Point-of-care HIV and hepatitis screening in community pharmacies: a quantitative and qualitative study

Inês Figueira, Inês Teixeira, António Teixeira Rodrigues, Ana Gama, Sónia Dias

Research output: Contribution to journalArticlepeer-review

5 Citations (Scopus)
2 Downloads (Pure)

Abstract

Background: Point-of-care tests can contribute to earlier diagnosis and treatment of infectious diseases, thereby affording the opportunity to prevent chronic stages and the spread to others. As part of the Fast-Track Cities initiative, a pilot study was initiated in community pharmacies in Portugal. Aim: To characterize the individuals choosing to have point-of-care testing or screening for human immunodeficiency virus, hepatitis C, and hepatitis B virus infections in community pharmacies, their risk behaviours and motivations to perform the tests, as well as to understand the facilitators and barriers from the perspective of pharmacists. Method: A quantitative and qualitative study was conducted. A survey was applied to test users in pharmacies between May and December 2019, and three focus groups were conducted with six, four, and five pharmacists involved in the initiative. Qualitative data were analysed according to thematic content analysis. Results: A total of 210 questionnaires were collected (57.9% response rate). Point-of-care test users were predominantly male, mean age of 35 (± 13.0) years, the majority had higher education level, and 22.8% were born outside of Portugal. Almost half of the users were first time tested and the main reason for screening was unprotected sexual intercourse. Pharmacists identified speed, confidentiality, counselling provided to users, pharmacists’ initial training to perform the tests, and trust in the pharmacist as facilitators of these tests. Stigma associated with infections, the procedure, logistical conditions, and the referral process were considered as barriers. Conclusion: Pharmacies are a screening site with special importance for individuals who are first tested, heterosexuals, and some migrants. Nevertheless, it is necessary to understand and reduce barriers and increase the support to specific groups.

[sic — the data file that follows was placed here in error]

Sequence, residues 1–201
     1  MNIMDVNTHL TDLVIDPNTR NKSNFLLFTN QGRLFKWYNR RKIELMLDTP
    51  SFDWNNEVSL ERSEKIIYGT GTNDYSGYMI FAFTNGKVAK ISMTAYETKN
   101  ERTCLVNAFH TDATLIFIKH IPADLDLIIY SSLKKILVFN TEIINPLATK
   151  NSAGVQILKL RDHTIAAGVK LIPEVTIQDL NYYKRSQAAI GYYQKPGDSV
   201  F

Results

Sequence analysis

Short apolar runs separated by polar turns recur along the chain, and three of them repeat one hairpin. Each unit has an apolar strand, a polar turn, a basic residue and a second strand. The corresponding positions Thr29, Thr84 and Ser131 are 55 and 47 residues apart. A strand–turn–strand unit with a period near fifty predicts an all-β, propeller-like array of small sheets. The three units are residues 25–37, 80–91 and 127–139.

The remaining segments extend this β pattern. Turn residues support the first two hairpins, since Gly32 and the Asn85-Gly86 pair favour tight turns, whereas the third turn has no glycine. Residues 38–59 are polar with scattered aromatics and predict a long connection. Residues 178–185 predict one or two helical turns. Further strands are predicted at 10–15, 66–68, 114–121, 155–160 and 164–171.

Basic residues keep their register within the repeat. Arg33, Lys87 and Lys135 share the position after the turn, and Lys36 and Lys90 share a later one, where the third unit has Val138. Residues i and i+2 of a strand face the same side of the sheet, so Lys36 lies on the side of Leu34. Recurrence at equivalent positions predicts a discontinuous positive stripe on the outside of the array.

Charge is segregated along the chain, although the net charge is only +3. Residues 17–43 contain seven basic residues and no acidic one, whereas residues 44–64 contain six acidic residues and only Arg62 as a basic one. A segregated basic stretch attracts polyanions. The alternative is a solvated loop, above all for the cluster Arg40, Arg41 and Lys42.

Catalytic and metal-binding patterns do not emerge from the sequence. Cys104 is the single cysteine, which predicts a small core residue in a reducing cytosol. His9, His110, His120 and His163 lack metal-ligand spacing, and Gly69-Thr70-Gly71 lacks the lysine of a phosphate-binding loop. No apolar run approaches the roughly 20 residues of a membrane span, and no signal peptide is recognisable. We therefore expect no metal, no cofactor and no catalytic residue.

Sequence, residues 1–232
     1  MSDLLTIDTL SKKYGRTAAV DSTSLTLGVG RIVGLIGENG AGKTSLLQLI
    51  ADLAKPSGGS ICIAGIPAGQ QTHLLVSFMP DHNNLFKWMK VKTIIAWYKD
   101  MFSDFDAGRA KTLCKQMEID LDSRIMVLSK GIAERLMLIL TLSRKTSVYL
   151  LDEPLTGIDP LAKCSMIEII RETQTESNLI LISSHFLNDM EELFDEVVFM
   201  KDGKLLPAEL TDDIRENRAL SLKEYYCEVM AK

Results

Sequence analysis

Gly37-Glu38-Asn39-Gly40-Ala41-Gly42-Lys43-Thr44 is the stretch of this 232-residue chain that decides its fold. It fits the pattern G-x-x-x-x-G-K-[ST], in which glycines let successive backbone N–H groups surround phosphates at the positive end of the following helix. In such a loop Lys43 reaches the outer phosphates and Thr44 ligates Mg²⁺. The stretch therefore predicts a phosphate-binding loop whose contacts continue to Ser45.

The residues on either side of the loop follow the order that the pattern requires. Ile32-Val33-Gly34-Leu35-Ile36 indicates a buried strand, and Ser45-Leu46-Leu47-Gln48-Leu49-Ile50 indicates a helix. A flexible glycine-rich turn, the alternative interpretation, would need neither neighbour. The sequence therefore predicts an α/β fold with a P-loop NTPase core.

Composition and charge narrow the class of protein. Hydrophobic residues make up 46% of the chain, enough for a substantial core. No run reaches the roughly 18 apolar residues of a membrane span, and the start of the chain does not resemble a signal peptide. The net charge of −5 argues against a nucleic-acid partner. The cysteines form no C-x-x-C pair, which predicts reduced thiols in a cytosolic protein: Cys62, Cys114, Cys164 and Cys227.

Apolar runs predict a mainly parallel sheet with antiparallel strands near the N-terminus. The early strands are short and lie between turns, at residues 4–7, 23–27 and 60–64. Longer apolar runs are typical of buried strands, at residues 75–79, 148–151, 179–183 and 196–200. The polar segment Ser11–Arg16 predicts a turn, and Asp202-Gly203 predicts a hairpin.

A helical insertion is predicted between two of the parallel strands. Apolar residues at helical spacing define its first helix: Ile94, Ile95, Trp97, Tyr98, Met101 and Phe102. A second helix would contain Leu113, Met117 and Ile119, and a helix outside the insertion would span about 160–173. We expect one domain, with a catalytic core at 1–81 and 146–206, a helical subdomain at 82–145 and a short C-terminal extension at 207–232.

Original languageEnglish
Pages (from-to)1158-1168
Number of pages11
JournalINTERNATIONAL JOURNAL OF CLINICAL PHARMACY
Volume44
Issue number5
DOIs
Publication statusPublished - Oct 2022

Keywords

  • Barriers
  • Community pharmacy
  • Facilitators
  • Point-of-care tests

Fingerprint

Dive into the research topics of 'Point-of-care HIV and hepatitis screening in community pharmacies: a quantitative and qualitative study'. Together they form a unique fingerprint.

Cite this